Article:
Surprisingly few tech insights in Steve Ballmer's USAFacts data trove

Former Microsoft CEO's U.S. government spending watchdog let's you dive deep into oodles of financial data

Surprisingly few tech insights in Steve Ballmer's USAFacts data trove
Reuters/Mike Segar

Former Microsoft CEO Steve Ballmer's USAFacts project, an ambitious and sometimes overwhelming repository of data about local to state to federal U.S. government spending and outcomes that was launched on Tax Day, is surprisingly light on technology-related data.

Not that Ballmer is obligated to spend his post-Microsoft life focused on technology —indeed, he's mainly been known for his purchase of the NBA's Los Angeles Clippers in recent years — but given his background I expected that I might find more tech-related nuggets in this graphically-pleasing data trove that's been three years in the making. Interested in the possibilities for data journalism stories spun from USAFacts, I made an inquiry to the outfit's media relations contact and will update this post if I hear back from them with any clarification on possible additions of such techie numbers.

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All this is not to say there isn't some data that sheds light on the state of U.S. technology jobs, accessibility and such. Though given that the data is collected from government agencies such as the Census Bureau and Office of Management and Budget, much of it is two or three years old — a lifetime in technology circles.

The most illuminating tech-related chart on the site, still shown as being in beta mode, is one that dives into technology ownership broken down by family and individual units using 2015 data (the sources of which are listed as coming soon). 

families digital USAFacts

Overall, 80% of American families or individuals own computers, with the bottom-most income sectors having as low as 55% to 62% ownership and the very highest 1% income-wise showing at 95% ownership.  Other interesting facts include that 4% of 146 million families only have landline telephone service and that nearly a third of the elderly have no internet access.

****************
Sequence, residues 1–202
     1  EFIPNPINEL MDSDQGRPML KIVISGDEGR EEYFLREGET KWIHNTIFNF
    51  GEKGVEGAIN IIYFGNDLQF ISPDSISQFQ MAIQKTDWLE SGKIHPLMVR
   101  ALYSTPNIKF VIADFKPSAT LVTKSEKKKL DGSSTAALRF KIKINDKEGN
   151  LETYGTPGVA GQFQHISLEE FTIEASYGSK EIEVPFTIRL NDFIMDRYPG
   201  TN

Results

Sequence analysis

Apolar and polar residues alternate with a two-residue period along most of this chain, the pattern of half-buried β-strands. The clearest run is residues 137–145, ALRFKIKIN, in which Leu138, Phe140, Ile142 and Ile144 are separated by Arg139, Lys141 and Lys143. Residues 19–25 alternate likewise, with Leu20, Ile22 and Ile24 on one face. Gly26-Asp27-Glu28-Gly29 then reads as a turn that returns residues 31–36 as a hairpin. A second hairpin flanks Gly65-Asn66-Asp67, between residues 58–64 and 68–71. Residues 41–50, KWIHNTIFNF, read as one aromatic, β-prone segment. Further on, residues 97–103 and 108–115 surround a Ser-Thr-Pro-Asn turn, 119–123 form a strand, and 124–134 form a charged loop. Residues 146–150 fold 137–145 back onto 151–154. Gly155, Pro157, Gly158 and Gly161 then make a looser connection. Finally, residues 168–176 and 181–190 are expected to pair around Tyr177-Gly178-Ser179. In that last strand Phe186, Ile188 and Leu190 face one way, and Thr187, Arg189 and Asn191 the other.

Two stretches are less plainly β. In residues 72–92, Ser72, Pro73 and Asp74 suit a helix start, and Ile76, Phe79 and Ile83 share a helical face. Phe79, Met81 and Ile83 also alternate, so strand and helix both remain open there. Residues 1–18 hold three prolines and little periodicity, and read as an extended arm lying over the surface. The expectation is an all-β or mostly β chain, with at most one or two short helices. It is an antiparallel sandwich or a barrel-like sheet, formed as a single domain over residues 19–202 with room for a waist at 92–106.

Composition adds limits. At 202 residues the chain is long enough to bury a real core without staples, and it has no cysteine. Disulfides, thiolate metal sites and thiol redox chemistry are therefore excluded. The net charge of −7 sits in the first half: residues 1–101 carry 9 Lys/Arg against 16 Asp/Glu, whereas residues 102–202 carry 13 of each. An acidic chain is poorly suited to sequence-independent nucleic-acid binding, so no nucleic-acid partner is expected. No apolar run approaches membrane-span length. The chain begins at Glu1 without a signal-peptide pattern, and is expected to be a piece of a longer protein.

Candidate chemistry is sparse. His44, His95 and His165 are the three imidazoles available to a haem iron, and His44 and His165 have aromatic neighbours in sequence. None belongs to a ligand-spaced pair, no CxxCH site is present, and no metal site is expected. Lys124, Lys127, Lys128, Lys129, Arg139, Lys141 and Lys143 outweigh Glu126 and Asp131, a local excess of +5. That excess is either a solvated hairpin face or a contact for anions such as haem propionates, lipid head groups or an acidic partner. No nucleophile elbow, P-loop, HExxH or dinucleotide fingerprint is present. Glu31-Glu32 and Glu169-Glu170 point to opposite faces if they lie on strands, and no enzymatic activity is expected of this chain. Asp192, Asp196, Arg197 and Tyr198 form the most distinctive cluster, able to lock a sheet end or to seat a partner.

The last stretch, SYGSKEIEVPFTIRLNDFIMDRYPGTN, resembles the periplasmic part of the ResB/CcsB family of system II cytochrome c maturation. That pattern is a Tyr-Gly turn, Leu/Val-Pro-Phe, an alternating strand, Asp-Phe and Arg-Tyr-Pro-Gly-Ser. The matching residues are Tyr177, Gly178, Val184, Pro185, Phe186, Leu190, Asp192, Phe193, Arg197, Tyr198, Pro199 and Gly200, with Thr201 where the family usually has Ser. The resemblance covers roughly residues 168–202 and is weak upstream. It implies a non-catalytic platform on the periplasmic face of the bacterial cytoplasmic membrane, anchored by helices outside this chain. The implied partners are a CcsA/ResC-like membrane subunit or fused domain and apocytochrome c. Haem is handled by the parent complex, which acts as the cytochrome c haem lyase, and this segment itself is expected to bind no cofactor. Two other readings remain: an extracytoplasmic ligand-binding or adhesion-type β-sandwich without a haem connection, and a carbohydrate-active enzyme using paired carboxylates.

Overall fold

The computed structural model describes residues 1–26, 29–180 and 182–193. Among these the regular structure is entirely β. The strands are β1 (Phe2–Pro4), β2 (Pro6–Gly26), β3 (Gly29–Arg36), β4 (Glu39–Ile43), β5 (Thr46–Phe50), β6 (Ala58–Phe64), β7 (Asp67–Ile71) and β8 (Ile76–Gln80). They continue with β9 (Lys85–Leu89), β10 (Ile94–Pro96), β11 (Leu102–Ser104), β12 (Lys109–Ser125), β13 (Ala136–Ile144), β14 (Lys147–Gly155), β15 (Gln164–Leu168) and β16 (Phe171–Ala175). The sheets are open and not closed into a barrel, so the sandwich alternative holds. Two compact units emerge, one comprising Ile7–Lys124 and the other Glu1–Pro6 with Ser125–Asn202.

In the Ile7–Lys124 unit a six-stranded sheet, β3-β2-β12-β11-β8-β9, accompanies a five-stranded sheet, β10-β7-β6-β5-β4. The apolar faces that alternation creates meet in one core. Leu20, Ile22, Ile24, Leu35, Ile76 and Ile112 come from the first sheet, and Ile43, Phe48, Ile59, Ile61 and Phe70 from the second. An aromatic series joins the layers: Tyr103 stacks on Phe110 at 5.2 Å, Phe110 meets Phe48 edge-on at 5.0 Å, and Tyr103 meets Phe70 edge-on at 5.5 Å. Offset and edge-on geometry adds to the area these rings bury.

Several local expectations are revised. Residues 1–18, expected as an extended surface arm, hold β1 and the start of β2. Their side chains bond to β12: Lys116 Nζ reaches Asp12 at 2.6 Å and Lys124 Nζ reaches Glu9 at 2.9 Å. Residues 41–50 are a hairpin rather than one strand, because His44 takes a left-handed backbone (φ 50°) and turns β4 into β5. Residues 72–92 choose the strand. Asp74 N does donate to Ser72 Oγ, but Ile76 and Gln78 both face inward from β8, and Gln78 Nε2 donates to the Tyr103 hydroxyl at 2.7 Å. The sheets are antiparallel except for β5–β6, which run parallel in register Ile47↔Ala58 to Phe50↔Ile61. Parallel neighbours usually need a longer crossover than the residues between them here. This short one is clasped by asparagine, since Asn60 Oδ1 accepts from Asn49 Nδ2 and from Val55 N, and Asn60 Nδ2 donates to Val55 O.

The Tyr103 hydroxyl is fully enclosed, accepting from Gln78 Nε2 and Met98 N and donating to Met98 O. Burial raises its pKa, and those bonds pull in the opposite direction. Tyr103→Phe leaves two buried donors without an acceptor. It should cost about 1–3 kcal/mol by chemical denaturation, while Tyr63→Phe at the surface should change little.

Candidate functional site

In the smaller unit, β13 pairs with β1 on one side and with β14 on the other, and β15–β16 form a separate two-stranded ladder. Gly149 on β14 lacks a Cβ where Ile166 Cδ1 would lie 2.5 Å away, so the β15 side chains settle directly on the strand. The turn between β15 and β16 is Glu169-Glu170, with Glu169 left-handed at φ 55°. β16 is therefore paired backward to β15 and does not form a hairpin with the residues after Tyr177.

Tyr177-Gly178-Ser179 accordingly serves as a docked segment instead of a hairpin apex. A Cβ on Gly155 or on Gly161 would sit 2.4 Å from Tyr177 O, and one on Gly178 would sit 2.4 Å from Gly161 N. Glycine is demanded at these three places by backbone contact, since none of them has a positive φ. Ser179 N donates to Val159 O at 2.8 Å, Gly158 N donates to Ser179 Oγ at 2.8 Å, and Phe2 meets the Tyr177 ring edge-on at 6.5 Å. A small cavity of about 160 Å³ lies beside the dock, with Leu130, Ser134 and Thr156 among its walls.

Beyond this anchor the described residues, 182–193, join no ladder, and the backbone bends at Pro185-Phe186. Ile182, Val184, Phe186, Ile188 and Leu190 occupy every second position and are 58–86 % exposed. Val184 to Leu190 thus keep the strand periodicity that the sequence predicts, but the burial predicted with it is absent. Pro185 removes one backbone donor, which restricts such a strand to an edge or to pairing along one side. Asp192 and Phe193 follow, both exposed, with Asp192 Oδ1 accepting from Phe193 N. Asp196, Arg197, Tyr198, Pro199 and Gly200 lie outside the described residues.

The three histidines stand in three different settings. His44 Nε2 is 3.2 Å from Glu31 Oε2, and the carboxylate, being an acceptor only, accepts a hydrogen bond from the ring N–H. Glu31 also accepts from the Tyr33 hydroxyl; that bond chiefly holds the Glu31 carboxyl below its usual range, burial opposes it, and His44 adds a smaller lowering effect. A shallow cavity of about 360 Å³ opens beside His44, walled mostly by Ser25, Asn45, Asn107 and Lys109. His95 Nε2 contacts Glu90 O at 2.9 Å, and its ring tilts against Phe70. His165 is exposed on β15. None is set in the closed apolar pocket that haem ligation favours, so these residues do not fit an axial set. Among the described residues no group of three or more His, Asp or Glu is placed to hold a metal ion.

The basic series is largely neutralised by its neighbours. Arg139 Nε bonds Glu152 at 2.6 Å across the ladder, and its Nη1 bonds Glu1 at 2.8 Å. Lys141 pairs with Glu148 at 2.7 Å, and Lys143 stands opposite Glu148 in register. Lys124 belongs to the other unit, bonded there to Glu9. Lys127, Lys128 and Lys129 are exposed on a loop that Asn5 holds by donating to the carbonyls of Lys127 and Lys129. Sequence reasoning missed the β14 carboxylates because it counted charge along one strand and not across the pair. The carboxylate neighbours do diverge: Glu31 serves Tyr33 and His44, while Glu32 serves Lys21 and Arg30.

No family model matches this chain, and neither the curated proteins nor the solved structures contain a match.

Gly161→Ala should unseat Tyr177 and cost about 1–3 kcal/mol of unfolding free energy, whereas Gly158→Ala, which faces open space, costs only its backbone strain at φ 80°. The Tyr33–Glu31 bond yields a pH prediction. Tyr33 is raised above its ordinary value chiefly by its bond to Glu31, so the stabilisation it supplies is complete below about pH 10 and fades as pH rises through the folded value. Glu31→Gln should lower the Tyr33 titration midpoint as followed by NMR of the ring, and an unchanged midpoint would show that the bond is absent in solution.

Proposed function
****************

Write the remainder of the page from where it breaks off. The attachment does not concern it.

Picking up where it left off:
Searches on terms such as "software" and "cellular" came up empty, though a few results pop up when searching on terms such as "computers" and "technology".

Computers come up in data sets about jobs and employment. The average annual wage associated with computer and mathematical jobs in 2015 was $86,200, with chart and table views showing an increase from $81,400 in 2005 (Median salary data is also available). Data on the percentage of computer sciences and engineering jobs out of the entire job market end in 2010, so are pretty out of date.

USAFacts also has a bit of info on tech jobs within the federal government, though technology is lumped in with space research. The totals have actually fallen from 24,000 in 1980 to 17,736 in 2014.

The data in USAFacts is sliced, diced and presented in numerous ways, some more searchable than others. For a relatively quick overview of the data, USAFacts serves up several overall summaries, include a "10-K" report on the government. (Note that in addition to Ballmer, partners on USAFacts include the Stanford Institute for Economic Policy Research (SIEPR), the Penn Wharton Budget Model, and Lynchburg College.)

Overall, it's an impressive start, thoughI look forward to more tech-related data being added as the project matures.

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